The relationship between dreaming and success is a complicated one. On the one hand, without dreams, you are unlikely to seek new things for your life. On the other hand, being a dreamer can keep you in the world of one day. An optimist, but one who struggles to actually make their dreams a reality.
“If you can dream it, you can do it” — Walt Disney
The most successful and admirable people have vivid imaginations and are proud dreamers.
“I really had a lot of dreams when I was a kid” — Bill Gates
All progress and evolution have come as a result of this process. It is said if you can’t see it you can’t do it. Dreaming gives us the ability to visualize something we haven’t yet physically seen, encouraging us to create it.
But when I was 19, I’d had enough of dreams.
For as long as I could remember, I was a big dreamer, and my dream was to be a pop star. I would watch ‘Top of the Pops’, every Friday, copying the routines, dreaming of when I would be on the other side of the screen.
We didn’t have much cash lying around and my parents themselves weren’t musical or particularly creative. They believed in education, so despite my pleas for dance class, I didn’t get access to extra-curricular lessons. It wasn’t until the choir teacher really impressed on them her opinion I had talent they decided to let me try piano.
Once my initial excitement had passed, I found piano kind of a chore. I couldn’t really be bothered to practice and the lessons took me out of my favorite classes at school. Hardly Chopin, I gave up after Grade 2. Despite my parent’s explanation that most pop stars played instruments and wrote their own songs, I determined not all did and I would be one of the ones who didn’t.
Through my teenage years, my dream evolved. I was to be an actress. I was cast as the lead role in the school plays, I was a Grade A Drama student. I had “potential.” At 18 I went through the Drama School Application process and it was horrible. It was an expensive process, once you factor in travel, accommodation and application costs. So to keep these down, I only applied to the top 5 schools.
My auditions were a shambles. Most of them I didn’t make it past the first round. At the most prestigious school, I could barely speak as they asked me fairly simple questions such as: ”Tell us about a play you’ve seen recently.” The clearest memory I have of the process was standing on the street afterward, bawling my eyes out, crying down the phone: “My heart is breaking.” It was.
Screw dreams; they’re too painful.
I’m now back in a good place with dreaming; I think it’s incredibly powerful and important if you want a rich life. But I also know there is a right way to dream, and that lies in dreaming about the thing and not the presentation of the thing.
When I used to dream about being a pop star, the thing I dreamt about wasn’t being in a studio for 24 hours going over and over the same riff until it just chimed right with the bass. To then decide actually maybe there was a more interesting rhythm for the bass to punctuate the melody.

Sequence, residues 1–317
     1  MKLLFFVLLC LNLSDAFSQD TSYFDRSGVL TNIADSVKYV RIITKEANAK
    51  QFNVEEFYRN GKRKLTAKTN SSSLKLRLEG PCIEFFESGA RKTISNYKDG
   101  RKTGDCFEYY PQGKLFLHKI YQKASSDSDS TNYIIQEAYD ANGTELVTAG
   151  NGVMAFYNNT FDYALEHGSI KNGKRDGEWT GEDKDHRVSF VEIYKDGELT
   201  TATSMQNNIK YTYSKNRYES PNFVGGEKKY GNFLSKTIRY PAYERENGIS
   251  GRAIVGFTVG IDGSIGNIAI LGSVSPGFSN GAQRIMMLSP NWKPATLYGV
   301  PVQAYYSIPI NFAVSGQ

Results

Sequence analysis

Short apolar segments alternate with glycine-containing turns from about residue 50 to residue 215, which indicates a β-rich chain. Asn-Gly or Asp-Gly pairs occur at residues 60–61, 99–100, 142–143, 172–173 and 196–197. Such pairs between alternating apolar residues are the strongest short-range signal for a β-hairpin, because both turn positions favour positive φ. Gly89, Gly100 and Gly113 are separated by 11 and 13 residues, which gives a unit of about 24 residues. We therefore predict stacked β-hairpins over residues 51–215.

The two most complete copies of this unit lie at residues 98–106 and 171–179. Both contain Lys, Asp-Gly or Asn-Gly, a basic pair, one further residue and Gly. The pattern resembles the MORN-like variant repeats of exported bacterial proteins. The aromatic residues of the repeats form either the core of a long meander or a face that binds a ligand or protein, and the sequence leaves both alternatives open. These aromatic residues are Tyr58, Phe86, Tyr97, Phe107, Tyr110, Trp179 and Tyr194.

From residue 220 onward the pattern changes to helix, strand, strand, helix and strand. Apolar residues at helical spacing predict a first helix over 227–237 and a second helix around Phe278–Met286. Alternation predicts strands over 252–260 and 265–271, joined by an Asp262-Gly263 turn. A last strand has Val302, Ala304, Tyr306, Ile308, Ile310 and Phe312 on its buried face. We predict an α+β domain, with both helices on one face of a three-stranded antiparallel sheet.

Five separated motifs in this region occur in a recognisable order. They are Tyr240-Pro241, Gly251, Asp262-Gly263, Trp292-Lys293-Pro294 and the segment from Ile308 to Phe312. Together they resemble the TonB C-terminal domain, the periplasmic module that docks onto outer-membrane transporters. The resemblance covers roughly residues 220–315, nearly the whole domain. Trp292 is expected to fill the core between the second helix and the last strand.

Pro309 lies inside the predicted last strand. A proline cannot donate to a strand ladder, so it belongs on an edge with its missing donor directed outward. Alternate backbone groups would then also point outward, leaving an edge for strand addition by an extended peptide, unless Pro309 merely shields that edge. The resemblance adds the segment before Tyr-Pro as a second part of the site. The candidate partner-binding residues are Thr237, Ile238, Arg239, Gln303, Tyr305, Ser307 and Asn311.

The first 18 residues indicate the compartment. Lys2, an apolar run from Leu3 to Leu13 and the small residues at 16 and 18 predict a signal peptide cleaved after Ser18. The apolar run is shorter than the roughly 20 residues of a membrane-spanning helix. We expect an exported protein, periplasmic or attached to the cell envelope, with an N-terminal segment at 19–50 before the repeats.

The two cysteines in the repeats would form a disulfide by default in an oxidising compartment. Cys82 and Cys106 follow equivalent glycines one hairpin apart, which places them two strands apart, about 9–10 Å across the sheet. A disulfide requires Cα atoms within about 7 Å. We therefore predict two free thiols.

When I dreamt about being an actress, in many ways I was actually dreaming about being the character in the film, on the edge of a cliff with my hair blowing in the breeze.
Sitting in a cold trailer alone, reading and reading and re-reading my lines wasn’t in there. Neither was pulling pints behind the bar I would be working at on the side of auditions, to pay for a small flat, desperate to make it into the cold trailer. There was nothing real in what I was dreaming. They would, therefore, stay where they were meant to be. As fantasies.
Actress, writer, and comedian Amy Poehler says the following:
“You do it because the doing of it is the thing. The doing is the thing. The talking and worrying and thinking is not the thing.”
Not only has she been to the Golden Globes, she has hosted the Golden Globes. How many people dream about that?! She didn’t get there by glamourizing the end goal, but instead by focusing on the creating and the work which would lead to her being there. This is where the power of dreams can be harnessed.
Rather than dreaming of hosting, you could instead daydream and visualize being in the writing room, working on a script with other writers and comics. Who are they? What do they look like? What do they do in their spare time?
This isn’t about making your dreams smaller; it’s about making them real. Making them digestible and bridging the gap between achieving them within the complexities of our world.
When your dreams start to exist in the real world, you can shift from fantasist to creator. When you strip away ideas of grandeur, you clear the way for actual achievements.
Of course, there is nothing wrong with wanting your dreams to only ever exist in your mind. Fantasies are fun, and as is so beautifully described in The Alchemist, this is exactly where many people want them to stay:
“You dream about your sheep and the Pyramids, but you’re different from me, because you want to realize your dreams. I just want to dream about Mecca… I’m afraid that it would all be a disappointment, so I prefer just to dream about it.”
But you may not be so easily satisfied. You don’t just want dreams, you want experiences, whether they’d be a disappointment or not.
So, see the dream. Then re-see it but this time closer, smaller. And chase that down, one small step at a time.